The Master’s Review Committee (MRC) decides whether students can continue towards a Ph.D. or not. The MRC starts its review of the progress of new graduate students at the end of the Spring quarter of the first year. This review, if needed, continues throughout the second year. A final decision must be made before the start of the third year at the latest and will be based on an evaluation of the comprehensive record of the student.
The Master’s Review includes the performance in the 4 Master’s Review Exams (MRE). These MRE’s are integrated with the final exams of the four corresponding first year graduate courses: Phys 524 (in the autumn), Phys 514 and Phys 518 (in winter), Phys 505 (in spring). The exams are written and graded by the course instructors and the exam committee. These final exams test the doctoral candidate’s competency across a broad spectrum of core subjects.
Students who pass all four MRE’s automatically pass the Master’s Review. A significant fraction of the first year graduate students therefore passes the Master Review automatically as early as the start of their first year Summer Quarter.
Students who pass three of the four final exams can pass the Master’s Review as early as the Fall of their second year based on a strong comprehensive record (typically strong research and strong class grades).
Students can retake specific exams during their second year. A special second year preparatory graduate course is being offered in the Winter quarter for second year students who need to retake exams.
The Master’s Review Committee evaluates the students performance in a comprehensive manner. Research potential/achievements, MRE performance and course grades play a central role while all other relevant aspects are considered too.
Students who do not pass the Master’s Review before the start of their third year are required to leave our Ph.D. Graduate program. They are typically allowed to earn a thesisbased terminal Master’s degree, provided their research warrants this and that their grade point average is above 3.0 or close enough to this Graduate School requirement that it can be raised to a 3.0 within one quarter.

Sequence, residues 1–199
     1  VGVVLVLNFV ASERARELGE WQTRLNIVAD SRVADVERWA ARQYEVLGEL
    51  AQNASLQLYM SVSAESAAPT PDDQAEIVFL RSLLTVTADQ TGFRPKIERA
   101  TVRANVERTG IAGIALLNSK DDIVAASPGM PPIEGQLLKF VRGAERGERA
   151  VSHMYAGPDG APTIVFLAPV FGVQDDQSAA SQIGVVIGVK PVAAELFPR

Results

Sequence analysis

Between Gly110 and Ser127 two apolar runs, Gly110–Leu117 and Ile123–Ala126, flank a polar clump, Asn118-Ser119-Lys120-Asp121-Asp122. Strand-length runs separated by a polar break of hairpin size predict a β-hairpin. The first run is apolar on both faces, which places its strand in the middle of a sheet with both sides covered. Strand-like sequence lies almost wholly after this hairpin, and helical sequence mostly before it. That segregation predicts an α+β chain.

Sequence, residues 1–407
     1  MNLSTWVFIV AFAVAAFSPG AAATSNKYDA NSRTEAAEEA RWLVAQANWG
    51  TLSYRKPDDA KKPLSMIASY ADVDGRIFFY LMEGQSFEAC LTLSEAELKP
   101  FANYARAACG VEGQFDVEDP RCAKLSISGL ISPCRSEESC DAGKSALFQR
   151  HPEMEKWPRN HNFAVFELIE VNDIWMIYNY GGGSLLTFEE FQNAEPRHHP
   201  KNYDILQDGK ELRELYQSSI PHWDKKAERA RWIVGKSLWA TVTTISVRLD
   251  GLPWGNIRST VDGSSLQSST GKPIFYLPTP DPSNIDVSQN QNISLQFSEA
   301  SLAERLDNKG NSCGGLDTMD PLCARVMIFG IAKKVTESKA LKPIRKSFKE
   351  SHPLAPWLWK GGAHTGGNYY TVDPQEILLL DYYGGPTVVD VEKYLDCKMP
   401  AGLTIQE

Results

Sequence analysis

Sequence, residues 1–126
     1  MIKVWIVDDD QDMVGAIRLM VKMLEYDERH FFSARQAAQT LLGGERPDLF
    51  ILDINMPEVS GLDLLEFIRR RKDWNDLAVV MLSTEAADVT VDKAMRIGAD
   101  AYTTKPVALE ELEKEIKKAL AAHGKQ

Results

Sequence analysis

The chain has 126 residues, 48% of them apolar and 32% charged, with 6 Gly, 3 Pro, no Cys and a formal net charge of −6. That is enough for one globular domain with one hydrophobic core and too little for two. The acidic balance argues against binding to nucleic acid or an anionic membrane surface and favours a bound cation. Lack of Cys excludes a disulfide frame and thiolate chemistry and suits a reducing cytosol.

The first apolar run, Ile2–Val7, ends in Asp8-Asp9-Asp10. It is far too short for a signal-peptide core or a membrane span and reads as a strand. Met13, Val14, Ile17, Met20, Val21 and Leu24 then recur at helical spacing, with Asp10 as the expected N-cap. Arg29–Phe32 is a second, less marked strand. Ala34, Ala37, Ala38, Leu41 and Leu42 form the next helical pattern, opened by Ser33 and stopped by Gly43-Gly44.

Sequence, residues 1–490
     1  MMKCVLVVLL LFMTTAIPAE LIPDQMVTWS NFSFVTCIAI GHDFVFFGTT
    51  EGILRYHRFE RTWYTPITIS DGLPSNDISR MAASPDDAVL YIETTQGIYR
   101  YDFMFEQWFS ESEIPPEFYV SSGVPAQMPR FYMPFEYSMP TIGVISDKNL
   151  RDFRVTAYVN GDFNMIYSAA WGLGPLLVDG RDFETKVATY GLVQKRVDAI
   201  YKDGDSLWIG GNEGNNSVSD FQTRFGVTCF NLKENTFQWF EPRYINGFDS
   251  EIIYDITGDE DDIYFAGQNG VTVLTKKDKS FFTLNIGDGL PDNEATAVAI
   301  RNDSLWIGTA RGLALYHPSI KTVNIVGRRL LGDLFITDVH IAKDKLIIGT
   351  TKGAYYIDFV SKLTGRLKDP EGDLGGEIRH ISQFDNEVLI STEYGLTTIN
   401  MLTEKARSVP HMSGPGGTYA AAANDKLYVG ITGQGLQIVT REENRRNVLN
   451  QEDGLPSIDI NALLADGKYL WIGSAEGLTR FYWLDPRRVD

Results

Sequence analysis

Students who pass the Master’s Review receive their Master’s degree provided that Graduate School course credit and grade point average requirements have been satisfied. This will not happen by itself however. You must apply for the so-called “non-thesis Master’s Degree” yourself on the Graduate School Master’s Degree Request web page.
Additional Master's Review Information
The following document specifies the topics covered in the MRE exams,
Here are compendia of previous MRE exam problems since Autumn 2011 and old format qualifying exam problems from before Autumn 2011
Research, Advisers, General and Final Examinations
Finding a Research Group
Every student is expected to find a research adviser before the end of the second year, preferably much sooner, and commence independent Ph.D. research under his or her supervision. A student informs the graduate program coordinator (GPC) when she/he has established a research home.
Your first-year faculty adviser remains your main faculty consultation resource until you find your research adviser. After your first year, you select also a faculty mentor, a person different from your research adviser, who can assist and advise you with issues not immediately related to your specific research.
The GPC is always available for advice. This becomes important ,e.g., when you find yourself still unsure about your research direction during the second year or when you need to switch research groups later.
Composition of the Doctoral Supervisory Committee
Every student is expected to establish a doctoral supervisory committee within one year of finding the research adviser and when the research is well on its way.
The doctoral supervisory committee guides and assists a student in working towards a doctoral degree and is expected to evaluate the student’s performance throughout the program. The roles and responsibilities of voting members, chair, graduate school representative (GSR) and student are specified in the Graduate School document “Doctoral Supervisory Committee Roles and Responsibilities”.